I had thought of getting a car and driver many years ago, and several colleagues in the Manhattan real estate industry have done so since. Sharon Baum is the most famous for her Rolls Royce. I opted otherwise as I prefer the convenience of stepping into the street, raising my arm and opening a door to the closest cab. I rent a car and driver when working with clients schlepping them around to see properties, and sometimes use one uptown, connecting downtonw with another via subway to avoid the traffic slowdown. Using cabs is far more environmentally conscious than owning a car + drive full time that is often left in front of a building idling while waiting, spewing pollution and making the Saudi’s richer. The problem starts when stepping into the cab itself….
Why is it that in the past 15 years, New York City is incapable of specifying a cab that is inhabitable? Why should I pay the same for one cab where the seat is comfortable, the interior clean, and the driver sane as I do for the filthy cab where the seat is so tight you slice the tips of your shoes off and have to do Cirque du Soleil contortions to position yourself in the seat? It is a thorough disgrace that a world center in a first world country has such outrageously bad cabs.
If Mayor Bloomberg really wants to make his mark, PLEASE apply as much effort into upgrading our cab service as you do creating bike lanes (oh, and don’t get me started on those lawless bikers!).
Saturday, April 9th, 2011
Posted by Leonard Steinberg on April 9, 2011
This week, Amercan Idol fans were shocked when one of the shows biggest talents, Pia, was voted off the show…..it was another reminder of the dangers of mass tastes dictating. Without Simon Cowell, the judges superficial, uneducated, Jenny-from-the-block evaluation failed us all. I feel the same way about real estate reporting these days: so much of real estate reporting about New York real estate relies much too heaviuly on celebrity. This week I had a very interesting conversation with a top reporter of a major newspaper on the subject.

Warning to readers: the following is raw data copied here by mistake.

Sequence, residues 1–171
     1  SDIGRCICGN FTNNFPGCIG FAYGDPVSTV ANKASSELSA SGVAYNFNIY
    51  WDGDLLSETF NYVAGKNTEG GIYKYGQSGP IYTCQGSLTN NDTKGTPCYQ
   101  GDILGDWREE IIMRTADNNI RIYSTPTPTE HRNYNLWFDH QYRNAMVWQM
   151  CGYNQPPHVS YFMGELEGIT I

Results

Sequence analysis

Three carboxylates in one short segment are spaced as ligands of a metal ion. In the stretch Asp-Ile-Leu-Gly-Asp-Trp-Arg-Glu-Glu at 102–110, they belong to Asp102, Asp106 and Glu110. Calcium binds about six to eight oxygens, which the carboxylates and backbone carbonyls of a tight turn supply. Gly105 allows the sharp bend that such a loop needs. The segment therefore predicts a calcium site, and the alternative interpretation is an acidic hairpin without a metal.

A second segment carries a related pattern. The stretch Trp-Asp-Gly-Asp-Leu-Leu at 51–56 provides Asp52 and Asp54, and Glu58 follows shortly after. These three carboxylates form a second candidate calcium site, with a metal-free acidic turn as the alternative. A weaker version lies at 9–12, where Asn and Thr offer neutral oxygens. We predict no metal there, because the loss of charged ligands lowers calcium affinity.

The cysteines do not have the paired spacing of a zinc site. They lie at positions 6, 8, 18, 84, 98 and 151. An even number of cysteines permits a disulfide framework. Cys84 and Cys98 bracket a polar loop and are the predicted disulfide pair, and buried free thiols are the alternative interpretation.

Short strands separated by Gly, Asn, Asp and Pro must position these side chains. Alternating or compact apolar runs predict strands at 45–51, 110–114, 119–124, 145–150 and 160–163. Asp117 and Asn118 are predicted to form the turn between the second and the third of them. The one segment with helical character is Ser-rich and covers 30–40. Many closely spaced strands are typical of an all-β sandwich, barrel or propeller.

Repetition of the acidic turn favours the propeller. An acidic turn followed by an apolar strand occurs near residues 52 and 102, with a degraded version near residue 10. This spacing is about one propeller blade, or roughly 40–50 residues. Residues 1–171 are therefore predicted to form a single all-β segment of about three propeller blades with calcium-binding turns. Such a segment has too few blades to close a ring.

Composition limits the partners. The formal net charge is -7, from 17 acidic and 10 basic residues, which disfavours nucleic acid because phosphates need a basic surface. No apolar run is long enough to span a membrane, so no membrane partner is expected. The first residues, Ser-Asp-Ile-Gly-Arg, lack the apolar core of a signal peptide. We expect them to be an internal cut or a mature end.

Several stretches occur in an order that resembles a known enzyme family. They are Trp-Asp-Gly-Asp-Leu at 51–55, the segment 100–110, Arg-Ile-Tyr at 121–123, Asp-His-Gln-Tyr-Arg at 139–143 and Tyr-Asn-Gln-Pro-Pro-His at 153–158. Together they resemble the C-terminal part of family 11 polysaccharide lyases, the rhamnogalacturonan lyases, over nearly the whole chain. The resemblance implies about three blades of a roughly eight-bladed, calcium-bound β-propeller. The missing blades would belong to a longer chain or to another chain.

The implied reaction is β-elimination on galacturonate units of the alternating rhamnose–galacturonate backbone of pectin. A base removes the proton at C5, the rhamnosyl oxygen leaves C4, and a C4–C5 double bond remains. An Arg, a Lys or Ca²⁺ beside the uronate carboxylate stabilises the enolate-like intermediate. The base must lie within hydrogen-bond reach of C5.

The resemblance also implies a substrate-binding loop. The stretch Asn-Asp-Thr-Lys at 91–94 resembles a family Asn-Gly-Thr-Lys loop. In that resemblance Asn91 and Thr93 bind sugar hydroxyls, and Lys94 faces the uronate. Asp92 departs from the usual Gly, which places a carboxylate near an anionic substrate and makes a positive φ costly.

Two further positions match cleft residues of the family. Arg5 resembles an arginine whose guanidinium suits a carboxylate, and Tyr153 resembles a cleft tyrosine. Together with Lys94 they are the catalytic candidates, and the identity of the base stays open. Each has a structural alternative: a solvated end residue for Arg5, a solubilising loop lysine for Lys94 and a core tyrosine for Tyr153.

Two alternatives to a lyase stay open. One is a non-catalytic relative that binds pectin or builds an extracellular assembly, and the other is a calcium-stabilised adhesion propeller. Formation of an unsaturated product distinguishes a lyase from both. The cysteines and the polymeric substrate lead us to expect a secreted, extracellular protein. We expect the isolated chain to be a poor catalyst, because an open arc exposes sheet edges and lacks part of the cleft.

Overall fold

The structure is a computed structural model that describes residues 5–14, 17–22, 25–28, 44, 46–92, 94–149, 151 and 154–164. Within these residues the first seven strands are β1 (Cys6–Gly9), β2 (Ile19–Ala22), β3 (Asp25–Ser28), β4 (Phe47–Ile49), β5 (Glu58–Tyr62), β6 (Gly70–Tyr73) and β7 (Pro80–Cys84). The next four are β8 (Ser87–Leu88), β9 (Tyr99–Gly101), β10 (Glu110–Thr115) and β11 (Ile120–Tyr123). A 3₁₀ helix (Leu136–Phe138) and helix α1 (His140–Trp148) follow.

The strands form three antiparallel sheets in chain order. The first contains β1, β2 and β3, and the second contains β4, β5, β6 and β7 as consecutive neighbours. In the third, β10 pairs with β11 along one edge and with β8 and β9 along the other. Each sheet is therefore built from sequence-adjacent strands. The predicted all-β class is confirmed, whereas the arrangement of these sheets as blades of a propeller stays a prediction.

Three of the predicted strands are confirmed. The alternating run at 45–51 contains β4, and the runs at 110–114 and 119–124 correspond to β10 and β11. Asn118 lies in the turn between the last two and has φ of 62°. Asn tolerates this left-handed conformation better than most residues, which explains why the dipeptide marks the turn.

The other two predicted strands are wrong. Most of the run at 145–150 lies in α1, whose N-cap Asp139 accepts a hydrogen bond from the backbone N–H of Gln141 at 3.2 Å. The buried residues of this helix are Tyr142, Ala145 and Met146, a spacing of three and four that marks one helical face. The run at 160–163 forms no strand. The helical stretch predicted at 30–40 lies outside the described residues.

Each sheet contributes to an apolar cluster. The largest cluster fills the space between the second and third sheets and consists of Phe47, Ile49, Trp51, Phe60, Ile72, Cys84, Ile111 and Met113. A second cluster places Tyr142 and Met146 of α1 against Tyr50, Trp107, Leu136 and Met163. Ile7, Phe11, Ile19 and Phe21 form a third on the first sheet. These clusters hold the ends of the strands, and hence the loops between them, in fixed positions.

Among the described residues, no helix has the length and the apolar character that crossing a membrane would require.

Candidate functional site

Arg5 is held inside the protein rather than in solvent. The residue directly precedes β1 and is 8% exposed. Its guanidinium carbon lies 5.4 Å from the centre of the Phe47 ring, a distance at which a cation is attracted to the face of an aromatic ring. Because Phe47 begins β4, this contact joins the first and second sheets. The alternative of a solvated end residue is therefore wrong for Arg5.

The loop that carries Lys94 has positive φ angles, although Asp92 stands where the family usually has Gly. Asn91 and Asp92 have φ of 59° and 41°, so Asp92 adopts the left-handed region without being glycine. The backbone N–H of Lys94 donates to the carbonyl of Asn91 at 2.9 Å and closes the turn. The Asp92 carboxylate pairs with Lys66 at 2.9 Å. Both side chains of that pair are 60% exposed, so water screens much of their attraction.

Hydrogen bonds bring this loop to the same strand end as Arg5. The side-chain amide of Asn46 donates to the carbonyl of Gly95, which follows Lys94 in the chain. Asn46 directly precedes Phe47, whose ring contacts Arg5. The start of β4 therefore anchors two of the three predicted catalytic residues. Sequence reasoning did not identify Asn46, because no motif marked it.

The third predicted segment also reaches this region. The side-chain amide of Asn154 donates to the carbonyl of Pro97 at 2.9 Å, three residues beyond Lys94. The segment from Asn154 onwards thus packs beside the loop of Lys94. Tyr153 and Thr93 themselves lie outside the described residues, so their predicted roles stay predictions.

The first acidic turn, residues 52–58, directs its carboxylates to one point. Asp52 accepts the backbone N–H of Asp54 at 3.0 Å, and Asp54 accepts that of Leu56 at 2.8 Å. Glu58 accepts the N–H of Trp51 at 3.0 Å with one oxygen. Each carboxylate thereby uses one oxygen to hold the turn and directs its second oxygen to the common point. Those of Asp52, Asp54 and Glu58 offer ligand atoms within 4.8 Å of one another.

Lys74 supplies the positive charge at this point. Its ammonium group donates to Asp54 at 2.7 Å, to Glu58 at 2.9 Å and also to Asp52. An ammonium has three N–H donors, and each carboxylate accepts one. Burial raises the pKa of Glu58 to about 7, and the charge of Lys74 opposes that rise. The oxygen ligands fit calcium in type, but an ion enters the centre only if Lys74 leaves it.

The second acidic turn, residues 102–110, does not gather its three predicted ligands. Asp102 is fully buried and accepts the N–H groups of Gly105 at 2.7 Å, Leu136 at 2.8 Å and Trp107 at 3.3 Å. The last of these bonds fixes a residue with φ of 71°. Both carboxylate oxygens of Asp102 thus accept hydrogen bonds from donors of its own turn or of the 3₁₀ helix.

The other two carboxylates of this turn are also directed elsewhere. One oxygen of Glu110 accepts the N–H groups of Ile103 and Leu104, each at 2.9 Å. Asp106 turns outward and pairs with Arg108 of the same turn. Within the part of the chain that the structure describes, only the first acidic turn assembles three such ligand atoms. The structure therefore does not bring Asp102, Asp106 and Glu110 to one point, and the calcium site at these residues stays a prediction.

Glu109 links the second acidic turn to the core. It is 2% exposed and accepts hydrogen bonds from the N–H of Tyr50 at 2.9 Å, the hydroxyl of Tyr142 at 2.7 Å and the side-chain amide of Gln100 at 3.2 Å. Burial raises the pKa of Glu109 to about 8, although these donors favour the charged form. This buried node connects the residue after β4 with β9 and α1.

It amazed me how restricted this reporter was by how competitive the press has become to get the latest scoop on the latest celebrity spotting/purchase/appearance…..real-estate wise! This very intelligent reporter agreed that there was a need for an organization or two to stop this insanity and become a bit more educational, and dare I say intellectual/smart, about understanding what does and does not happen in the world of real estate. Surely, when the quarterly reports are distributed, the consumer deserves some more detailed analysis/reporting on what all those figures mean, rather than just spewing them out verbatum, cicling round eventually to the one huge sale of a billionaire or celebrity?
Certainly the New York Times, New York Post, Wall Street Journal, Observer, Curbed, The Real Deal, etc have all produced some well written, well researched articles. We hope they focus more on these well researched and analysed pieces. The Paris Hilton-esque stuff is becoming annoying.
Just like American Idol, are we all doomed to be overwhelmed by the masses desire for shallow, superficial ‘news’ without any form of analysis or depth? I think there are enough people out there who want and expect more. Maybe what we are experiencing right now is a fashion for the ultra-superficial: hopefully the next fashion will be INTELLIGENCE, a well designed Burberry coat, not Jeggings, and hopefully it lasts?